How ‘ill-prepared’ NHS only just got away with it over North Korean cyber attack

Ministers are today urged to “get a grip” on the cyber threat facing Britain as MPs publish their damning verdict on a crippling web attack launched by North Korea.

Only the timing of last year’s massive WannaCry assault prevented much greater disruption across the “ill-prepared” NHS, which was forced to cancel 20,000 operations, according to the Public Accounts Committee

Chairwoman Meg Hillier said: “This case serves as a warning to the whole of Government: a foretaste of the devastation that could be wrought by a more malicious and sophisticated attack.

“When it comes, the UK must be ready.”

Culture Secretary Matt Hancock today insisted the NHS had improved its systems since the attack. But he admitted: “There’s clearly more to do domestically.”

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Theresa May visiting an NHS hospital

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Today’s 21-page report comes a day after UK and US security chiefs issued an unprecedented alert over Russian “malicious cyber activity”.

Spooks revealed that tens of thousands of British families’ computers had been targeted over the past year.

The PAC says that “while the NHS needs to recognise cyber security is essential for patient safety, there are also lessons from WannaCry for the whole of government”.

Outlining how the May 2017 attack could have been worse, the study says: “WannaCry could have had a more serious impact on the NHS if it had not happened in the summer, or on a Friday, or if the kill switch not been discovered so soon by a cyber-security researcher.

“While WannaCry was a relatively unsophisticated and financially motivated attack, future attacks could be more sophisticated and malicious in intent, and involve the theft or compromise of patient data.”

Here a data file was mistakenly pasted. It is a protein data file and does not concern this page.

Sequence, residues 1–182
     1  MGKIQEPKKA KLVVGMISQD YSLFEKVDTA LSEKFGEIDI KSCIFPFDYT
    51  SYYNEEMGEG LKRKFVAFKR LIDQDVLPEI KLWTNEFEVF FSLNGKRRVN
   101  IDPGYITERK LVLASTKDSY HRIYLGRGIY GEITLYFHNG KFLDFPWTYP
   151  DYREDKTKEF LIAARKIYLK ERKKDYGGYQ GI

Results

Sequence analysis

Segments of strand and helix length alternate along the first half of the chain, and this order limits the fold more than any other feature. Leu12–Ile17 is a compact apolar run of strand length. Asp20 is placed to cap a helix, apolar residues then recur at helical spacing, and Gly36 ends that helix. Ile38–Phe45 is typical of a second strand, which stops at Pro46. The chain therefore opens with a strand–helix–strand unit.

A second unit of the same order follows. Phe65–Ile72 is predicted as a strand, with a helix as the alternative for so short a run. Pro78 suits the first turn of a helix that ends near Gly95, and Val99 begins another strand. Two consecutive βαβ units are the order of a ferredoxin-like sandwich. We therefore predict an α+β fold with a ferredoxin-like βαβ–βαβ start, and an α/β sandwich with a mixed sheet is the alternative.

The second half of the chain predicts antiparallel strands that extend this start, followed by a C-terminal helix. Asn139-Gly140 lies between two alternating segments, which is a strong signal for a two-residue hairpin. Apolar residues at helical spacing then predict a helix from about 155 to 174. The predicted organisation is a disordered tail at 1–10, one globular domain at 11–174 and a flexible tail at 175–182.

MP Meg Hillier said: “This case serves as a warning to the whole of Government”

NHS chiefs have admitted that “cyber-attacks are now a fact of life and that the NHS will never be completely safe from them”, MPs say.

But the huge hack should serve a s a warning across Whitehall, the committee stresses.

“The whole of government is at risk of a cyber-attack and, while the Department and NHS bodies are learning lessons from WannaCry, the whole of government must also learn lessons from the cyber-attack,” says its report.

It recommends ministers develop “a full understanding of the cyber security arrangements and IT estate of all local NHS organisations”.

Ms Hillier added: “Government must get a grip on the vulnerabilities of and challenges facing local organisations, as well as the financial implications of WannaCry and future attacks across the NHS.

“Cyber security investment cannot be properly targeted unless this information is collected and understood.

“There is much important work to do and we urge the Department (of Health and Social Care) to provide us with an update by the end of June.”

Meanwhile, Theresa May today announces Britain will pump £15million into boosting cyber security in Commonwealth countries over the next three years.

Theresa May today announces Britain will pump £15million into boosting cyber security in Commonwealth countries

The Prime Minister, who holds an intelligence partners meeting with her counterparts from Australia, New Zealand and Canada later, revealed a Commonwealth summit declaration will commit nations to raising national levels of online security.

She said: “The future is at the heart of the Commonwealth events being held this week and with that, we must look towards the emerging challenges that we and our Commonwealth partners face.

“Cyber security affects us all, as online crime does not respect international borders.

“I have called on Commonwealth leaders to take action and to work collectively to tackle this threat.

“Our package of funding will enable members to review their cyber security capability, and deliver the stability and resilience that we all need to stay safe online and grow our digital economies.”